While the above Triplicities are the only “accepted” Triplicities of the Shield Chart, I personally also make us of two “Sub-Triplicities.” The first of these Sub-Triplicities is made up of the first and second Nieces and the Right Witness. The second of these Sub-Triplicities is the third and fourth Nieces and the Left Witness. Like the other Triplicities, the two Nieces derive the Witness. I read both Sub-Triplicities like I would read any other Triplicity, with the Witnesses serving as a summary, the present, and the relationship between the two Nieces. The Sub-Triplicity of the Right (Witness) represents the Querent, and the first Niece represents the querent and his past, while the second Niece represents the events that might affect the querent and the querent’s future. The Sub-Triplicity of the Left (Witness) represents the Subject of the Question, with the third Niece representing the past and one’s home, and the fourth Niece representing one’s culture and future. Essentially, I read each position in the same way as above, but in a different combination, to help shed light on the rest of the spread.
An easy and useful way to look at the Shield Chart is as a constant division; the Judge becomes the Witnesses, the Witnesses become the Nieces, and the Nieces become the Mothers and Daughters. By looking at the two “lesser” positions that make up the larger one, in all cases yields a better understanding of the larger one.
The heart and soul of Geomancy is the casting and reading of Geomantic Charts. Geomantic Charts have the same function as Charts in Astrology and Spreads in Tarot. They are the medium through which the reader interprets the messages of the animus mundi, or consciousness of the world.
Like with Tarot and Astrology, Geomancy relies upon the interpretation of symbols laid out in certain patterns before the reader. The interpretations of the symbols – in the case of Geomancy, the sixteen Geomantic Figures – is done through conscious thought processes while in a state of open-mindedness, allowing you to receive influences from your subconscious, bringing them to your consciousness’ attention. Your subconscious, in turn, is influenced by the animus mundi, which can help guide you in your interpretations if your mind and soul are willing to listen.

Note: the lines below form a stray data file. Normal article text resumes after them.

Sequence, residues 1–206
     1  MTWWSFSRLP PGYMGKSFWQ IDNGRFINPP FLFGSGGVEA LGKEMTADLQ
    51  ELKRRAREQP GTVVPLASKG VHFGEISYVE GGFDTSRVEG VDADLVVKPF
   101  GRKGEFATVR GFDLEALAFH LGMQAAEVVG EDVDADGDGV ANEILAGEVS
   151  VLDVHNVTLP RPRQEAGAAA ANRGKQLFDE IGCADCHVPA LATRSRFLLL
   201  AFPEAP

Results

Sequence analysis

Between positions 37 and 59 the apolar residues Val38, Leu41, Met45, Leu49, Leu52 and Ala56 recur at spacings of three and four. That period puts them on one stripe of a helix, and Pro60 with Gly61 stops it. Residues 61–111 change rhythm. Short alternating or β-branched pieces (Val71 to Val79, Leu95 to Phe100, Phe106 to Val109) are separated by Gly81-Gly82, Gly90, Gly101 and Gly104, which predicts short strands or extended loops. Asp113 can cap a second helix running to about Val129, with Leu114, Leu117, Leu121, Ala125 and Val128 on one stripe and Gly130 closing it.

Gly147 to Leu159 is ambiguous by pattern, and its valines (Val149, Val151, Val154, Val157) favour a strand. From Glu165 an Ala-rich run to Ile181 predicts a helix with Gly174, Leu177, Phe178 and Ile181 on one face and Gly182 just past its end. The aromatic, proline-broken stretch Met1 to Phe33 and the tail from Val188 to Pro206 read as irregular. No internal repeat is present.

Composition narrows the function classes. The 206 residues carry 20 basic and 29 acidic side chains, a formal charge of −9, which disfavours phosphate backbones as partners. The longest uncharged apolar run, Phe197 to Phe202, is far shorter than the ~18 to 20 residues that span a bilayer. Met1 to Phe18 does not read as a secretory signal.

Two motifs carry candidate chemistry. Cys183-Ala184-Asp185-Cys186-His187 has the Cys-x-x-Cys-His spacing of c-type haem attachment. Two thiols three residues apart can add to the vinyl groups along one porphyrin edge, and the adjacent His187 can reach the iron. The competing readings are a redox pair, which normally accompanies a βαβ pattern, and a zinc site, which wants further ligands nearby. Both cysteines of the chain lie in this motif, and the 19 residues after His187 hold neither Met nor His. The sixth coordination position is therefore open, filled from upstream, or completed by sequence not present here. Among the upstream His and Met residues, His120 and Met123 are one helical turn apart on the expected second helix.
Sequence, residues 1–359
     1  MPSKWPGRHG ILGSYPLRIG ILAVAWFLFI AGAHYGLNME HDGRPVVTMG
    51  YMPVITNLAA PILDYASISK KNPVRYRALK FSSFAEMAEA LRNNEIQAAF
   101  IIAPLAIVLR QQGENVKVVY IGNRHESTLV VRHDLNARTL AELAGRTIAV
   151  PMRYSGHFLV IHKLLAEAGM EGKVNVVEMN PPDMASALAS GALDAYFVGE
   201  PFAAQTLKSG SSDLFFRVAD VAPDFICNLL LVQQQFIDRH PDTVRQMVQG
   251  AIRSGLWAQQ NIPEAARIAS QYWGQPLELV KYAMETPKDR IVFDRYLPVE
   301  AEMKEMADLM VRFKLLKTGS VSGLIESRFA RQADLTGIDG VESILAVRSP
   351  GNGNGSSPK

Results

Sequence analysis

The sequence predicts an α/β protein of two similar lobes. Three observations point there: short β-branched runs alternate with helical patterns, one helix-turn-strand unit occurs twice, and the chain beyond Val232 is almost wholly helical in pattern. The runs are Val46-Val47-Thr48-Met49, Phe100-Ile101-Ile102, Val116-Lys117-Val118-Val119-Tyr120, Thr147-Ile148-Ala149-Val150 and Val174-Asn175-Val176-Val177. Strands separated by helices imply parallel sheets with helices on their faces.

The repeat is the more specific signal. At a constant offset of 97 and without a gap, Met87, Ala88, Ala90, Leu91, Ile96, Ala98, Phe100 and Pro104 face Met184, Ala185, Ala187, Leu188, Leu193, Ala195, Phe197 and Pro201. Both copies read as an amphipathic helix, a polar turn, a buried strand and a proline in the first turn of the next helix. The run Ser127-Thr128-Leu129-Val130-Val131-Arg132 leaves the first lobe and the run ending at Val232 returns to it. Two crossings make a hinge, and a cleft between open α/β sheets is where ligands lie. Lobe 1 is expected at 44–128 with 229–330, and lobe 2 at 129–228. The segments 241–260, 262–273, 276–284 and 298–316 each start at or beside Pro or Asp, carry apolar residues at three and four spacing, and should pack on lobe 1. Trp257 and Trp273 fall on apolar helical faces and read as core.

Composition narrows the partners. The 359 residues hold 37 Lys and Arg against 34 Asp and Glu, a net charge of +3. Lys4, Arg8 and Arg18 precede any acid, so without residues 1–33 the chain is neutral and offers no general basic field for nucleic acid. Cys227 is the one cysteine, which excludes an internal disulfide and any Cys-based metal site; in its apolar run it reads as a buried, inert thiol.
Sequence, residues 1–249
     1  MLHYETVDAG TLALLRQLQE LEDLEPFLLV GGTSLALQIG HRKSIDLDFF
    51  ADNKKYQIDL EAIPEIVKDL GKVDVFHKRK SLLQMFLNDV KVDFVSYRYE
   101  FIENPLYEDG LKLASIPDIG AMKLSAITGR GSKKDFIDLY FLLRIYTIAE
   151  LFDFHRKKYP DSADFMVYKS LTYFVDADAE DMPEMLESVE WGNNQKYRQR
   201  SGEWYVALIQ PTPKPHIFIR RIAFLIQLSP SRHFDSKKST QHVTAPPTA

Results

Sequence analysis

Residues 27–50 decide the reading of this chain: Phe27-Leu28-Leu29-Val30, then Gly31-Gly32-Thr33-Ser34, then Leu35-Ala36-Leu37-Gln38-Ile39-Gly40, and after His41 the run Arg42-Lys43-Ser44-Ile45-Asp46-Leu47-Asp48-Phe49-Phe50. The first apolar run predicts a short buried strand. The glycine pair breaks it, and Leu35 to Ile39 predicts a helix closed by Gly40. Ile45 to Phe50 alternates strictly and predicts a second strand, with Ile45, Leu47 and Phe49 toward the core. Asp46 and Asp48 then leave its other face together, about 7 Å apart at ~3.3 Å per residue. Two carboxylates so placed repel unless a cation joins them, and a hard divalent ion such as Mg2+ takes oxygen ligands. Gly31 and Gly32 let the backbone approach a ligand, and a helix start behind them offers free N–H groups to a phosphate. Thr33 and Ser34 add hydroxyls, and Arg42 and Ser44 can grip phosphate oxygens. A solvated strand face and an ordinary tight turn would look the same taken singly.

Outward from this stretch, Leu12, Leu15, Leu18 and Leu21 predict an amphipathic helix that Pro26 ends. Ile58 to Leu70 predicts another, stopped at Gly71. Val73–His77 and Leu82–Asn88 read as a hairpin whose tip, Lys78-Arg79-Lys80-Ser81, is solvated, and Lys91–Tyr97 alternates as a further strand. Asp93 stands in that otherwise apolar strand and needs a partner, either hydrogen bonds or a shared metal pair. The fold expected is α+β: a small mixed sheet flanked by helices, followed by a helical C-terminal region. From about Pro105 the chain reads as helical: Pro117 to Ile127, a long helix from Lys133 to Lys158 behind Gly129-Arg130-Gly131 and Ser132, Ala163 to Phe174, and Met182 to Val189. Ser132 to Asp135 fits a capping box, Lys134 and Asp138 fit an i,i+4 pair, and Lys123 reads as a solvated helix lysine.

Geomancy is much simpler than most systems of esoteric “divination,” and requires almost no materials. All that you need is a way to generate a random number from one to two. You can do this by tapping on the ground and counting odd or even, by drawing cards from a deck, by rolling dice, by flipping coins, or by any other completely unbiased process. Personally, I use special Geomantic dice I made: four dice in the colors Red (Fire), Yellow (Air), White (Water, should be blue but I couldn’t find a blue die of the same style), and Green (Earth). On each die I drew either one dot or two dots, so that there were three of each. In order to generate one Geomantic Figure, I roll all four dice and arrange them in order to generate a Figure. For example, if I roll a 2 on the Red, a 2 on the Yellow, a 1 on the White, and a 2 on the Green, I have generated the figure Albus.
Like with Tarot spreads, there are multiple Geomantic charts that one can use depending on the question asked. Depending on the chart, methods of generation are different, but most charts are based off of the Shield Chart.
To generate the shield chart, the very first thing you must do is formulate the question you wish to ask, just like in a Tarot reading. The process can be found in this post. Clear your mind and prepare yourself for the task at hand in whatever way you wish. I personally focus on my inner self and my connection to the animus mundi, and call upon both of them for guidance. I think of the question I seek an answer to and keep it in my head. Once I am ready and I am sure that my mind is receptive to any answer and will not lean towards a biased interpretation, I draw the chart itself, as seen here. I then generate the first figure and write it in the upper right-hand slot. Then I generate the second, third, and fourth Figures – the Mothers – and place them in their proper places, before then using those symbols to derive the remainder of the chart (a process which will be discussed in a later post).
Once that is done, you have the basis for a Geomantic reading. There are ways to interpret the Shield Chart directly (a process discussed here), and once the Shield Chart has been interpreted, other charts (such as the House Chart) can be generated from it, to further shed light on the situation. Like with any other esoteric reading, when interpreting the chart, it is important to evaluate both the meaning of the Figure and its specific Position in the Chart. The two of those combined together. The Figure represents the energy, and the Position represents how it manifests. The House Chart can also help you explain where the energy manifests in your life.
Unlike with Tarot, a Geomantic chart is easy to finish. Generally, thanking the animus mundi and your inner guide for their guidance is a good plan, and generally after that all one needs to do is put away he materials and move on.